Floyd has consistently been an opponent of campaign finance limits, but he has been more open to arguing for the constitutionality of campaign disclosure laws. (In the letter below, he is representing the views of a client, but my sense is he would not write this letter if he disagreed with these arguments.)
Here is a letter he wrote to the court defending a recent controversial NY campaign disclosure law:
What remains to be decided is whether the law, as adopted, is consistent with the First Amendment.
In this respect, both of the sections of law at issue in this case were designed to assure that the public has more information about the identity of those individuals and entities that fund speech relating to elections and other public policy issues. Section 172-e addresses a specific issue of nondisclosure brought about by a loophole in the law that has been exploited by several not-for profit groups. Under Article I-A of the Legislative Law (“the Lobbying Act”), sections 1-h and 1-j, organizations subject to Section 501(c)(4) of the Internal Revenue Code that engage in lobbying either on their own behalf or for clients are required to disclose their “source of funding” to the Joint Commission on Public Ethics (“JCOPE”). However, under the law as it existed prior to the enactment of Section 172-e, Section 501(c)(3) organizations were exempt from such disclosure requirements. The result has been that organizations such as Citizens Union that have both a 501(c)(3) entity and a 501(c)(4) one can transfer moneys received from the former to the latter, thus avoiding any disclosure obligation. Indeed, for some such organizations, if one tries to donate to the 501(c)(4), one is directed to the donations page of the affiliated 501(c)(3).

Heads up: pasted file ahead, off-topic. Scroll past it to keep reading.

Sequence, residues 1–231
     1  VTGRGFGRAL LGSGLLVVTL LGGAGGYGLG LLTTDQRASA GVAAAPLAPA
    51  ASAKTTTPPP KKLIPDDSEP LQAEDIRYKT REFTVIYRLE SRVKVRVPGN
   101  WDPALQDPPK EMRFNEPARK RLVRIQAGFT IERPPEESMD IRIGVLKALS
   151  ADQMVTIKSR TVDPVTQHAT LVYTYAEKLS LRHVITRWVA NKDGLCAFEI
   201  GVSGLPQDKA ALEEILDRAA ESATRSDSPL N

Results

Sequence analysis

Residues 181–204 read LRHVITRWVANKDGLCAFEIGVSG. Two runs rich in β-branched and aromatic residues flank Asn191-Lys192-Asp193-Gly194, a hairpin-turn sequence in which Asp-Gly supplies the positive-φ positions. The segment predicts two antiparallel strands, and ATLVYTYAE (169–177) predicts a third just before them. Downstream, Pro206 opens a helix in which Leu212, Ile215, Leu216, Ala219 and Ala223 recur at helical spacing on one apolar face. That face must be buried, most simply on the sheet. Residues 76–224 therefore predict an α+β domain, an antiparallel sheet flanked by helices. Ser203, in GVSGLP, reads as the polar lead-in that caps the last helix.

Far from being overbroad, Section 172-e is extremely limited in its scope. It imposes new disclosure requirements only when Section 501(c)(3) entities provide “in kind donations” valued at $2,500 to a 501(c)(4) entity and only requires entities subject to Section 501(c)(3) to disclose larger donations. It also provides that if any such disclosure “may cause harm, threats, harassment, or reprisals to the source of the donation or to individuals or property affiliated with the source of the donation” the Attorney General or his or her designee may determine not to require the disclosure, a decision subject to appeal to an independent “judicial hearing officer” who is “not affiliated with oremployed by the department of law.”
As for Section 172-f, it was intended to shed sunlight on dark money in politics by requiring Section 501(c)(4) entities that spend a significant amount of money (over $10,000) on issue advocacy, to disclose their identities and the identities of their large donors. Section 501(c)(4) entities that engage in lobbying are already required to register with JCOPE and to disclose their donors; the addition of entities that engage in issue advocacy is similarly constitutional. The law is narrowly tailored, only applying to Section 504(c)(4) entities and only when they spend and receive over a high dollar amount on a specific kind of public political advocacy. This is designed to promote transparency in the political process and to combat the role of dark money in politics. It contains, as well, the same protection for individuals or entities that assert that they may be harmed or harassed as a result of the newly required public disclosure as set forth above.
(h/t Jacob Gershman)